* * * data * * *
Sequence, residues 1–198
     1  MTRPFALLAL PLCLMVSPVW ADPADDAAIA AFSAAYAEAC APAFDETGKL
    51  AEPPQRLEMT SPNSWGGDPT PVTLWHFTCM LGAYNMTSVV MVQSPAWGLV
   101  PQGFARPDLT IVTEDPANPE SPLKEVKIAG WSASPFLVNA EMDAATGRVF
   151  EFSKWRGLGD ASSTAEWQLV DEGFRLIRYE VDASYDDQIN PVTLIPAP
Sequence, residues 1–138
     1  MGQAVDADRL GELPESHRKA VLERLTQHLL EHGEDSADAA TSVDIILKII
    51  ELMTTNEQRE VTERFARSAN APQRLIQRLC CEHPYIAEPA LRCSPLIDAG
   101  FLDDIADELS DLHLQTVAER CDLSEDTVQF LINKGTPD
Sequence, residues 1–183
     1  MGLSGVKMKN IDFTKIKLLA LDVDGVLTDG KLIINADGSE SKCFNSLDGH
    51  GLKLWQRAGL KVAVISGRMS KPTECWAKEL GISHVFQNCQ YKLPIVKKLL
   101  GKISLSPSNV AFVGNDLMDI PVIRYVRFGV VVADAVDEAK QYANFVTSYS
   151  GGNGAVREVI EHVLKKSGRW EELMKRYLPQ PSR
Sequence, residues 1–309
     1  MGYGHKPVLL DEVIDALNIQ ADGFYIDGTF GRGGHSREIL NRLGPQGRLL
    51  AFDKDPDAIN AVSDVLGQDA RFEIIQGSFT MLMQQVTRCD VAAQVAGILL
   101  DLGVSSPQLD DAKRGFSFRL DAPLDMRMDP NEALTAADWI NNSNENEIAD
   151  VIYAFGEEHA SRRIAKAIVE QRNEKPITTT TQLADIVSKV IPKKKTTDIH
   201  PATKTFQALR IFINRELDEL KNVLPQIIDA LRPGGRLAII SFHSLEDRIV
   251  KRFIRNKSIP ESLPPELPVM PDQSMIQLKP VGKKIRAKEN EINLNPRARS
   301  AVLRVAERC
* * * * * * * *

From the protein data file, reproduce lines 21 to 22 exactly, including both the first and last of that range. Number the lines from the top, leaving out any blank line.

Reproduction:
   251  KRFIRNKSIP ESLPPELPVM PDQSMIQLKP VGKKIRAKEN EINLNPRARS
   301  AVLRVAERC